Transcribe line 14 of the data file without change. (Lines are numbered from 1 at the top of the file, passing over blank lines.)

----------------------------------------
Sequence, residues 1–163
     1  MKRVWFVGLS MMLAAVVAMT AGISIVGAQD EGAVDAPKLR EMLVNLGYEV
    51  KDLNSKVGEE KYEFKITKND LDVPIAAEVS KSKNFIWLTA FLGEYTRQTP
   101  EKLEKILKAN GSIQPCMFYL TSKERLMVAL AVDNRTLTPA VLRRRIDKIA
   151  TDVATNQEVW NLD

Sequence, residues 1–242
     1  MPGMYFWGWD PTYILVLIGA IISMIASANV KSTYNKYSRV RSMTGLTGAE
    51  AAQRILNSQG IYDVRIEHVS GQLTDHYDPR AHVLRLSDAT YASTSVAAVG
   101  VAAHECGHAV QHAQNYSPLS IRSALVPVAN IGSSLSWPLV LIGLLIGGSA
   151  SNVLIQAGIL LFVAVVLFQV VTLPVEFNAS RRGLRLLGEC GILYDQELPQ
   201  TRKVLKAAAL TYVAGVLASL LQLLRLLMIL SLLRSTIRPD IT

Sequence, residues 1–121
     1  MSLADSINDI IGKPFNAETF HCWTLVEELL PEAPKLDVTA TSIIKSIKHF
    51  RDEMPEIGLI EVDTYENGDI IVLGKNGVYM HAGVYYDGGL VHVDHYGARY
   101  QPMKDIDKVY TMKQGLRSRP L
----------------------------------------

    51  RDEMPEIGLI EVDTYENGDI IVLGKNGVYM HAGVYYDGGL VHVDHYGARY